Bhutan has administered close to half a million doses of Covid-19 vaccine in just nine days of rolling out its vaccination programme.
Its achievement was lauded by Unicef (United Nations International Children's Emergency Fund) in a Facebook post on April 8, 2021.
World's fastest immunisation programme
Dubbed the world's fastest immunisation programme, the accelerated rollout of shots was only introduced on March 27, when the first Covid-19 vaccine was administered to a bureaucrat to show faith in the drug.
By April 6, almost 469,664 out of its total population of 735,553 had received a single dose of vaccine, The Telegraph reported.
With children excluded from vaccination for the time being, this represented 85 per cent of Bhutan's adult citizens.
As a whole, some 62 per cent of eligible Bhutanese citizens were vaccinated in just seven days.
Dedicated volunteers lead vaccine drive
Bhutan is considered one of the world’s least developed countries, but best known for measuring progress via a Gross Domestic Happiness index
But it could very well be Bhutan’s small population size that allows it to have a major advantage over many other countries.
According to The Telegraph, Bhutan relies on its dedicated citizen volunteers, known as "desuups", to get the vaccination programme going.
The volunteers deliver vaccinations to healthcare centres, ensure citizens reported for appointments and educated the Bhutanese on social distancing and mask-wearing.
Bhutan only had 37 doctors before Covid-19
Before the pandemic, Bhutan had only 37 doctors and fewer than 3,000 full-time healthcare workers, The Telegraph reported.
To get to some 3,000 Bhutanese who live in mountainside villages in the north-western district of Gasa, a team of four medical staff was accompanied by six desuups, who work as local primary school teachers.
They reached six villages in six days, under difficult conditions that required wearing heavy boots and even activating a helicopter to carry supplies.
Why Bhutan is so fast
Existing immunisation programmes
Bhutan has existing immunisation programmes as the country achieved universal immunisations in the 1990s.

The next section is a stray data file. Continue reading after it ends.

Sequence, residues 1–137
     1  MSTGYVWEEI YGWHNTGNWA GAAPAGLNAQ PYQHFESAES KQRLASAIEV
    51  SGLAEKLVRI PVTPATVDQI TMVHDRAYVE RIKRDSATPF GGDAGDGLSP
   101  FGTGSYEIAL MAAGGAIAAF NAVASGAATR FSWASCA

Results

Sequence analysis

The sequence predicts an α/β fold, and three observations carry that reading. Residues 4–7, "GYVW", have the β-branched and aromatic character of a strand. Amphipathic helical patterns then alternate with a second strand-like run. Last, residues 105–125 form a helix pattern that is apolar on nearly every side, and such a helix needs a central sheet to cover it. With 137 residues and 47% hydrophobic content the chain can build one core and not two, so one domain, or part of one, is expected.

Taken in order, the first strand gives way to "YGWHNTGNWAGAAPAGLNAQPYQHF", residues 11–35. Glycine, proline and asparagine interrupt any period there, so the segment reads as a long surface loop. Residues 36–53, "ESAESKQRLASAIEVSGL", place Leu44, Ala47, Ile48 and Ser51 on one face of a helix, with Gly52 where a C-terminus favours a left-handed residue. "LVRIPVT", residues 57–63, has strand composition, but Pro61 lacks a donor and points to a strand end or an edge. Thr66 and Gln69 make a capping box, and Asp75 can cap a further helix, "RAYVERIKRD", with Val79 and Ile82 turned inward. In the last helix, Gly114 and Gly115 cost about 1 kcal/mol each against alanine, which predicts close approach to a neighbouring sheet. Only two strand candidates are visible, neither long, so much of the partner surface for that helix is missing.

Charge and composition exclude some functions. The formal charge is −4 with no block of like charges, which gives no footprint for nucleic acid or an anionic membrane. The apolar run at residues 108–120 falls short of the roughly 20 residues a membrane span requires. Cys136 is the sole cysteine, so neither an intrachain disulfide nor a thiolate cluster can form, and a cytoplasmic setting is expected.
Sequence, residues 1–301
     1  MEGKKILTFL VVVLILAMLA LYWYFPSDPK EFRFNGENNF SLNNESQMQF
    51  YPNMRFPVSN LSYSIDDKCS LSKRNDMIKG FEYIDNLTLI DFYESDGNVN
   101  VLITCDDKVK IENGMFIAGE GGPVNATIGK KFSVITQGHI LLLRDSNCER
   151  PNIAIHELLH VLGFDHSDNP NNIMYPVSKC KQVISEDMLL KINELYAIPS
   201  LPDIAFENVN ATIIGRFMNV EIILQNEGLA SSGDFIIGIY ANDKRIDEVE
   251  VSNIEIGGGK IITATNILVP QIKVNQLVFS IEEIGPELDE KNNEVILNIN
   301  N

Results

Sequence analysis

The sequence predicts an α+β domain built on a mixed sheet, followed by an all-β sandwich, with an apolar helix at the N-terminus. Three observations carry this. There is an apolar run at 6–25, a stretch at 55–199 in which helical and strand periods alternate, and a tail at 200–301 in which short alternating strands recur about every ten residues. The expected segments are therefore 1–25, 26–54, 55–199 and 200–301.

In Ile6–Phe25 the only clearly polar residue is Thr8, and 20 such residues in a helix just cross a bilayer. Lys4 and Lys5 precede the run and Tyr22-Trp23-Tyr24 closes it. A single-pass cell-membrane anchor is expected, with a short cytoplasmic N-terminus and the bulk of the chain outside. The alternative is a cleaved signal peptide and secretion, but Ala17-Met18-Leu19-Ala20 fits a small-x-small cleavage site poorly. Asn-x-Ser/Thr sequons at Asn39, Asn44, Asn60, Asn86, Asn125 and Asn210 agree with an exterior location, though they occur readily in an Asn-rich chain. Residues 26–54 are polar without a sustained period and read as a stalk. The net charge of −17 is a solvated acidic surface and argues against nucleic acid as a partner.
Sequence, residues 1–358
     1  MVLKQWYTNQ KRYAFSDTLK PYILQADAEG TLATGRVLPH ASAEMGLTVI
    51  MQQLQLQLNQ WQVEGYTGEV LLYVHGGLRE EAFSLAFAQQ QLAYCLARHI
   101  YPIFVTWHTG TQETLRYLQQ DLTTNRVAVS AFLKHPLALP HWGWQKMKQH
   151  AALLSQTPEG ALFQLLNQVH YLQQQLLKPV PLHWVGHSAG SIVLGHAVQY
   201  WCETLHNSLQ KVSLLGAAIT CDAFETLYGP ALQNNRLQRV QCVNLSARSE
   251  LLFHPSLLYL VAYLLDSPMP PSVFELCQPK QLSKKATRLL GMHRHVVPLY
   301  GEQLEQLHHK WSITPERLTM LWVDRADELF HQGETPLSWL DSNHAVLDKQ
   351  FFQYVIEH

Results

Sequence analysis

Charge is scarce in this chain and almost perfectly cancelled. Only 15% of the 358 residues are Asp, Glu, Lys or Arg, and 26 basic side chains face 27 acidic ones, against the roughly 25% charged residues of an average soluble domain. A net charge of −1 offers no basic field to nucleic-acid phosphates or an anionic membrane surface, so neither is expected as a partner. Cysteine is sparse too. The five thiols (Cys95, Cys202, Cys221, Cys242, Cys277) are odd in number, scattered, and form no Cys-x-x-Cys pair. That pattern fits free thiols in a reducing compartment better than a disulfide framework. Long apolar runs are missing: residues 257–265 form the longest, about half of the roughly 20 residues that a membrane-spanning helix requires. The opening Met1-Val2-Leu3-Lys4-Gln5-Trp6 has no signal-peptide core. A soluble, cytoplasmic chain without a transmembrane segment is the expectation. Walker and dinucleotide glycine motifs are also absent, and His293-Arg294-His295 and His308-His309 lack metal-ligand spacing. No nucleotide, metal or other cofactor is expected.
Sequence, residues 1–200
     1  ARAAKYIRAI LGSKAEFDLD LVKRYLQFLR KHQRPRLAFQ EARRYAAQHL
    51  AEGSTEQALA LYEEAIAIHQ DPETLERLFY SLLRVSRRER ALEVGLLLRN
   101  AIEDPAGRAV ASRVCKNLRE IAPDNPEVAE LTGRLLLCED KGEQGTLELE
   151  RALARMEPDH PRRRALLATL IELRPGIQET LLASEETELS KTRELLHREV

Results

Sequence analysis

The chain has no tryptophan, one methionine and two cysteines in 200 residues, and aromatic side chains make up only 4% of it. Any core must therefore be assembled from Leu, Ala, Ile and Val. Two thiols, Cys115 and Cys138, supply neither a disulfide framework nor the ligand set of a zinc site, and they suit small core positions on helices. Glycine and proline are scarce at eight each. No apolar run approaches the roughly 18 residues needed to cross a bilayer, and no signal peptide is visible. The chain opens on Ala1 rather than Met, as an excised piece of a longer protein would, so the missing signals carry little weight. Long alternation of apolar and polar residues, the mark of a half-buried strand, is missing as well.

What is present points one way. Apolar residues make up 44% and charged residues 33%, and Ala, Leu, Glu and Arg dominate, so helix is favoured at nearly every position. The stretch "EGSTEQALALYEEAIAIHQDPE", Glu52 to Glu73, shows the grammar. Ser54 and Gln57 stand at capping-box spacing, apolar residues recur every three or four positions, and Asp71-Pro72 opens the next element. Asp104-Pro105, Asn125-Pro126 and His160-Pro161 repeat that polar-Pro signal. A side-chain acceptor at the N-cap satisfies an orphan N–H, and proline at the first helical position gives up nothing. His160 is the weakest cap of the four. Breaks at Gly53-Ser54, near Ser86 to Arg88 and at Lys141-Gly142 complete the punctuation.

The Covid-19 vaccination drive rides on these established programmes.
Trust in authorities have been high and resistance to vaccination low.
The Bhutanese Prime Minister, Lotay Tshering, is a qualified doctor and has been leading the country’s response.
Free vaccine supplied by India out of geopolitical concerns
Bhutan’s neighbour, India, gave Bhutan 600,000 free doses of the AstraZeneca/ Oxford University vaccine manufactured by the Serum Institute of India out of goodwill and to counter China's influence.
Well-managed national response to Covid-19
In March 2020, when Bhutan detected its first Covid-19 case in an American tourist, its borders were immediately closed and have remain so.
A mandatory quarantine has since been imposed on residents returning from abroad and remains in place.
To date, Bhutan has only two lockdowns and recorded 886 cases of Covid-19 and reported just one death.
Superstition still plays a role in Bhutan
Bhutan's initial success with its vaccination programme is driven by science.
But the country is still traditional and superstitious.
ZME Science reported that Buddhist astrologers advised the government that a woman born in the year of the monkey should be chosen as the first person to receive the vaccine.
Ninda Dema, a 30-year-old Bhutanese woman, was the chosen one.
She received the shot at a school-turned vaccination center in the capital Thimphu amid chanting of Buddhist prayers.
Moreover, Bhutan did not start its vaccination in January when it received its first batches of vaccine.
Instead, it waited for the "right time".
Bhutan's prime minister's office issued a statement in the first month of 2021 to say that it was “important we roll out the nationwide vaccination on an auspicious date,” ZME Science reported.
That meant that Bhutan authorities delayed and waited until the passing of an "inauspicious" month to start vaccination.
“Upon consulting with Zhung Dratshang (the Commission for Monastic Affairs), we were informed of dana (inauspicious month) which falls between February 14 and March 13. We will wait until the period is over,” the statement added.
In Singapore, as of April 3, 2021, around 1.52 million vaccine doses have been administered.
Around 1.05 million individuals have received at least one dose of the vaccine, of which more than 468,000 individuals have received their second dose and completed the full vaccination regimen.
All photos via Unicef